Weis Markets, Inc. is determined to make inroads in the disposal of their waste. The company is a member of the Food Marketing Institute, a national association that helps stores fight food spoilage and improve distribution methods. The institute asks members of trade organizations to find ways to reduce waste other than traditional waste management.

They find that location makes the difference.

Each Weis store approaches its waste management differently because of the unique circumstances each branch faces. Factors such as whether a store uses compactors or dumpsters, as well as the store’s size and the frequency of trash pickups, affect whether a store will be considered for the recycling program.

Weis’s goal to reduce its carbon footprint includes managing food waste through its food donation policy and composting practices.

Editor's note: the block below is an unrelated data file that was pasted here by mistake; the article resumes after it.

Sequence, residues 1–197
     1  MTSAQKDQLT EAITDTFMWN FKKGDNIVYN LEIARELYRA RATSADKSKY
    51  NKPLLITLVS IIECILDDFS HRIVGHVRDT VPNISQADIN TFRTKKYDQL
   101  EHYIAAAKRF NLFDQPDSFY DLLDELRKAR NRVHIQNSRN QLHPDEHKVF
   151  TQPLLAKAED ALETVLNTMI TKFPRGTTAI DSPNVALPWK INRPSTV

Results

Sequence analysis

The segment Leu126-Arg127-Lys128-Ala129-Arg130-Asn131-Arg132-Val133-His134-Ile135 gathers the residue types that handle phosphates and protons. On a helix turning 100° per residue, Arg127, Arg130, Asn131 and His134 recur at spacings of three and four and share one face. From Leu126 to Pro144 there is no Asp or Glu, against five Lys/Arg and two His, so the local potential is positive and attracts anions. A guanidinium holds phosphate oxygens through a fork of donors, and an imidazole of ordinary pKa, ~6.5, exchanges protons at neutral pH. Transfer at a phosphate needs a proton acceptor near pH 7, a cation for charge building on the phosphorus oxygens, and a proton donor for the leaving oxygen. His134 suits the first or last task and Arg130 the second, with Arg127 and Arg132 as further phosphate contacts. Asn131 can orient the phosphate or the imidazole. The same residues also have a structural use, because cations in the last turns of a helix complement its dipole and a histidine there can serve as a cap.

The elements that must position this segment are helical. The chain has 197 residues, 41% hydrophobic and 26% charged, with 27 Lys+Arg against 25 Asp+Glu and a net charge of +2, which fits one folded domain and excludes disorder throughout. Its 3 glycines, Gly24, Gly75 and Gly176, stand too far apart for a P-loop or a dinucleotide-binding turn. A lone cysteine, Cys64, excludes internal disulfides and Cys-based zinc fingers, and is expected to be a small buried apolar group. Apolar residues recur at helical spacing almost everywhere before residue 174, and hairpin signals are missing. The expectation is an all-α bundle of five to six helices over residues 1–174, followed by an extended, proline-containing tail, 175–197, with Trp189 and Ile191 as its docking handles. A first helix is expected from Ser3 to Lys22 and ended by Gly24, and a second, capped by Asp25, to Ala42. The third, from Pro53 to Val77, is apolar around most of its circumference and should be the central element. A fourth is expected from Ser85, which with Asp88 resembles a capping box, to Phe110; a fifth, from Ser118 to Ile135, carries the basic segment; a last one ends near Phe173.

“There are higher uses [for food] than just having it go to a landfill,” said Patti Olenick, sustainability officer for Weis Markets.

The initial waste recycling pilot program in 2009 was not the success they had hoped for. The pilot focused on nine stores around the chain’s Harrisburg headquarters, a region with low waste management costs.

However, the pilot faced complications from the beginning. Weis hoped to reduce the cost of waste disposal by cutting its trash volume by half. But the additional cost of composting still had to be factored in, which meant that pilot stores with already low waste disposal costs saw overall costs rise.

One of the reasons was that Weis had to pay an independent hauler to transport out-of-date food to the composting farm. There, the company was charged an additional tipping fee (cost for disposal per ton) to unload the cargo.

As a result, the first pilot failed from a business perspective because the costs involved in transporting and recycling food proved higher than the cost of sending the waste to a landfill. Based on data analysis from the first pilot, some stores will never geographically make the business case for food recycling.

Ms. Olenick came on board shortly after the failed pilot program and committed herself to reevaluating the possibilities. After analyzing every store, she came up with 50 locations to begin recycling food waste.

“We now go to areas where it’s making economic sense,” Ms. Olenick added.

Delicious Exotic Fruits

Sapote